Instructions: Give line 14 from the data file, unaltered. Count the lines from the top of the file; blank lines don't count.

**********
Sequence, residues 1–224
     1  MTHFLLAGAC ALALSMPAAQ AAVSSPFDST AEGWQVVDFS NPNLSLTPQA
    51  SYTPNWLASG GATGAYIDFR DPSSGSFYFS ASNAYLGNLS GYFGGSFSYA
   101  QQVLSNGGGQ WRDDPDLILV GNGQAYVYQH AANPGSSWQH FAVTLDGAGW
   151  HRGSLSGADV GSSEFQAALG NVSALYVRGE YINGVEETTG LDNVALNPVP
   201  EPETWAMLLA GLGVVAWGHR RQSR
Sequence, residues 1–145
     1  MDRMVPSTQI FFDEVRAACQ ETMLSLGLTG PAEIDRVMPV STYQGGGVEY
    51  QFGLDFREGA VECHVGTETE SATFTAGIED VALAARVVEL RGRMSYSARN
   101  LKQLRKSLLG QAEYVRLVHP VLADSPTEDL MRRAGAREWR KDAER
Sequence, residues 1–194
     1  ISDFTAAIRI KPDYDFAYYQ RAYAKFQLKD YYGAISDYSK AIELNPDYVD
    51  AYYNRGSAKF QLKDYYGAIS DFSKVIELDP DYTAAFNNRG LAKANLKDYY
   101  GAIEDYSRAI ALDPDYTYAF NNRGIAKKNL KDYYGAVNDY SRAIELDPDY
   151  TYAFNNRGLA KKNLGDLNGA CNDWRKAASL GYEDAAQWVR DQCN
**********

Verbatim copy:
   101  GAIEDYSRAI ALDPDYTYAF NNRGIAKKNL KDYYGAVNDY SRAIELDPDY